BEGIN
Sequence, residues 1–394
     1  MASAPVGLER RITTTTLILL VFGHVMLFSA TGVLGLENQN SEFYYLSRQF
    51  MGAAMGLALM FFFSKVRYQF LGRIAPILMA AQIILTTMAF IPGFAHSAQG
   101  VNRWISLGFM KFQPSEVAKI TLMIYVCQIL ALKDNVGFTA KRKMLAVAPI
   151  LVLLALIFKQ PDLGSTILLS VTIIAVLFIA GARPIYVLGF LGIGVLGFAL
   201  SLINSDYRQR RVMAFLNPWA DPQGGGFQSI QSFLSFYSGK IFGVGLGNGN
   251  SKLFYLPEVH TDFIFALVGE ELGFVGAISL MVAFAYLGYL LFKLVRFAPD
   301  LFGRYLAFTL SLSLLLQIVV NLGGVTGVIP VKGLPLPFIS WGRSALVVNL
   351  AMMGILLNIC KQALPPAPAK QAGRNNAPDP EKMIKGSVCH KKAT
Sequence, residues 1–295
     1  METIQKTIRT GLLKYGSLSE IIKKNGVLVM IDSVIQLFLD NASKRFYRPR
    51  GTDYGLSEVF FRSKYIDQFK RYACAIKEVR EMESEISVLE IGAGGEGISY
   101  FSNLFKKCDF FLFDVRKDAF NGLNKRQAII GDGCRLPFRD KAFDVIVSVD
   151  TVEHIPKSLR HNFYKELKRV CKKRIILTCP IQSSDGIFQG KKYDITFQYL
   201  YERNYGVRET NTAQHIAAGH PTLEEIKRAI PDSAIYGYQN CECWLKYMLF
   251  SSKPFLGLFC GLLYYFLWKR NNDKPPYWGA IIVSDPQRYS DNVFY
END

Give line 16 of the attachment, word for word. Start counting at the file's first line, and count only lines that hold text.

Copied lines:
   251  SSKPFLGLFC GLLYYFLWKR NNDKPPYWGA IIVSDPQRYS DNVFY